Who you really need to have in the delivery room

Giving birth, wether it is your first, second or third can be a very powerful experience.  And sharing those special moments with those we love and care about can feel like a wonderful way to bond. 

But what if we invite someone to the labor and they turn out to be a nightmare?  Or they try and influence our choices in the heat of the moment with their own agenda? 

These are the guidelines I used when deciding who comes into the delivery room with me, I hope they help you find the right people to have by your side. 

First off, check with your birth location on how many people they permit

Before you invite anyone you need to know how many will be premited to enter the room.  Some locations are really strict, others not so much.  So it’s best to check and see what you can and can’t do. 

Also if you are working with a doula, ask if they are counted in the invite or as part of the medical team (hint they are usually one of your invites).

Think about how you want to experience your labour and delivery

Ideally, we would all get our picture perfect labor and delivery.  The reality can be a bit different, however, having the people around you that are supportive is a key thing in helping you through the process. 

Some commonly included people are:
Husband/Father of the baby
Mother in law

Many of these people are very helpful and supportive, but sometimes the personalities can get in the way.  Or they have a different “ideal” delivery and think you need the one they want instead of what you have stated.

So think about what you would like the most.  YOU, no one else makes this choice, not even baby’s daddy!

Should you really let your Mother-in-law into the delivery room? What about your squeemish sister? Pushy Aunt? Here are the tips I used to decide who to invite to our little one's debut into the world.
Photo credit: Joe Kurtz on VisualHunt / CC BY

Put yourself first

Girl this is one of those times where you need to be selfish!  When you are considering someone to come into that space think about things like the fact that this person will see you naked.  They will see you at your most vulnerable.  They need to be someone you trust not to push an agenda, or cause some dramatic scene in an effort to steal your thunder.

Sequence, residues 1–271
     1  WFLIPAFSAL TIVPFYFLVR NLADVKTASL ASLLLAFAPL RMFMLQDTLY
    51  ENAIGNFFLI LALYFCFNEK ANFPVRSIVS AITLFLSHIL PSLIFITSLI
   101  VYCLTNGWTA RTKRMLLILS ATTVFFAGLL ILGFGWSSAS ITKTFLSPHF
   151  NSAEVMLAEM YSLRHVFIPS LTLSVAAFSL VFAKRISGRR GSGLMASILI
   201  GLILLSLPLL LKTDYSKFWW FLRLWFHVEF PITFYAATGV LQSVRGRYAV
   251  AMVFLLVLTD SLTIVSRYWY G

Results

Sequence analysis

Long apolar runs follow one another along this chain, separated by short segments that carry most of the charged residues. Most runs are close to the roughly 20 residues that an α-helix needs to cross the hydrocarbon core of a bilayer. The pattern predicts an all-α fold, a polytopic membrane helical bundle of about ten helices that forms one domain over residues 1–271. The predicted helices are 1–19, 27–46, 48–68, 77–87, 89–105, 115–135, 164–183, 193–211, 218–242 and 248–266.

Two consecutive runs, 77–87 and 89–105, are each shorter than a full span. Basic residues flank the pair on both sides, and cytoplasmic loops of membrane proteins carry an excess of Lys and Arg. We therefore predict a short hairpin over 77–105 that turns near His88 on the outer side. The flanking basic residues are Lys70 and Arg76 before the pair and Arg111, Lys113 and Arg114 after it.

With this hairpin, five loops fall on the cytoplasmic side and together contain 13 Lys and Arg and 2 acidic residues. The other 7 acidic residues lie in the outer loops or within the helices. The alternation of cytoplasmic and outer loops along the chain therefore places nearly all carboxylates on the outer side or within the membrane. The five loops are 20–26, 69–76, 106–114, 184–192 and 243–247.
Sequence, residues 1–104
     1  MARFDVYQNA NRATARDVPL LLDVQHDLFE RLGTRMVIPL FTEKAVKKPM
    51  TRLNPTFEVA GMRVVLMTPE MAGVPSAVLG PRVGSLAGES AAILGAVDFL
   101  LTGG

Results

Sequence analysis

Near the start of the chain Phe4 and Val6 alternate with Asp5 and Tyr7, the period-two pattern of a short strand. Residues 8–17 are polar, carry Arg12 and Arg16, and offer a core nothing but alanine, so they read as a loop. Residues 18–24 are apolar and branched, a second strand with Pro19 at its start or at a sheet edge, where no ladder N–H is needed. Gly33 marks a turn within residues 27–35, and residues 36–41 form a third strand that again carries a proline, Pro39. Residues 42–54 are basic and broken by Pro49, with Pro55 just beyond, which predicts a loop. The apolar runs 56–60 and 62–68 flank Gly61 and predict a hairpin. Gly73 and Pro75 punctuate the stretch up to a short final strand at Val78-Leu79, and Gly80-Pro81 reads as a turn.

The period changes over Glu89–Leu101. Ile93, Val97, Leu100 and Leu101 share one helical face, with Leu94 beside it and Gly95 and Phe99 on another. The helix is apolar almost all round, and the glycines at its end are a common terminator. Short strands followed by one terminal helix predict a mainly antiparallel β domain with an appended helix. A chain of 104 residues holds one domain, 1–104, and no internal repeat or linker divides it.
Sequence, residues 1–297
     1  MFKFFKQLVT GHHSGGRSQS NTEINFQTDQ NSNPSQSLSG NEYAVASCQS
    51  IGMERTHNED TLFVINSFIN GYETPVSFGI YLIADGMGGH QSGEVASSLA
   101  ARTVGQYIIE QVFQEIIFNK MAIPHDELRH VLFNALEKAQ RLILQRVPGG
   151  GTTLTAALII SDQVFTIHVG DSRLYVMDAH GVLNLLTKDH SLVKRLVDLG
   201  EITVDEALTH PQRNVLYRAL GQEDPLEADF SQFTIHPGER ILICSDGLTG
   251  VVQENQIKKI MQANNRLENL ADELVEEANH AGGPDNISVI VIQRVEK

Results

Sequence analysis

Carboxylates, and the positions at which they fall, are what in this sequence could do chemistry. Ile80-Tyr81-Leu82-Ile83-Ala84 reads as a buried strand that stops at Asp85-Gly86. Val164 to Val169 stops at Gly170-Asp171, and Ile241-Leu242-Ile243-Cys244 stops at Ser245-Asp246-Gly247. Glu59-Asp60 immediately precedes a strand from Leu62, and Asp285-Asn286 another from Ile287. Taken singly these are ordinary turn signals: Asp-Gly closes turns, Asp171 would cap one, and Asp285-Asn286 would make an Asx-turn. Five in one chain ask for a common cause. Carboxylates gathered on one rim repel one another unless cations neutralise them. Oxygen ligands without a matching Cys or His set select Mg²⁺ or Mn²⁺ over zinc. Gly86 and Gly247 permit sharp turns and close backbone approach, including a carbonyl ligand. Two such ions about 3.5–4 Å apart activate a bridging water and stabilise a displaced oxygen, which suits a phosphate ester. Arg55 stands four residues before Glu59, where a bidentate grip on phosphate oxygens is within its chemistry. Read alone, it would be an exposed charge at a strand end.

If you have multiple people you want present also think about the dynamic between those people.  Do they all get along?  Or are they always at each others throats? Pick people that will focus on you and keeping you happy and comfy (as much as you can be).

Think about the timing, do you want a full house for the labor, but come delivery it’s hubby only?

Where in the room do you want people? Head of the bed, foot of the bed, or waiting room?  Be upfront and honest with people about what you are ok with.  If they can’t respect your wishes cross them off the invite list.

Related: The Hands Down Best Labor Advice I Ever Found

Consider Photographing the birth

Ok, before I had our little one the idea of someone taking my photo mid push really freaked me out.  However our doula offered to take some photos of the process from my phone and I couldn’t be happier.  

While I don’t know that I would hire a “profesional photographer” for the next one, I’m dead set that I want photos of some kind to comemorate the special moments that we all had.  And I never even noticed that there was a photo being taken until well after the birth when I was taking them. 

Again this is also something to ask your birth location what their rules are on the idea though.  Not all locations permit photography or even videography. 

If you do go the professional route, look for someone who has a style you like and has done this type of work before.  A good photographer will do everything they can to ‘stay out of the way” while capturing your precious moments. 

You should not have to feel like you have cameras in your face all the time.

You will also want to ensure that any medical staff in the room have given you permission to photo/video them BEFORE they have their images captured.  This can make anyone, especially medical staff nervous and they have a right to privacy as much as you do.  If you catch them on tape don’t publish it anywhere, not Facebook, Instagram or any other online sharing medium untill/unless you have their permision.  It can get you and them into trouble if you are not careful.

 Delivery room etiquette

This is one of those things that likely varies from place to place, but in general there are some common things like 

Safety First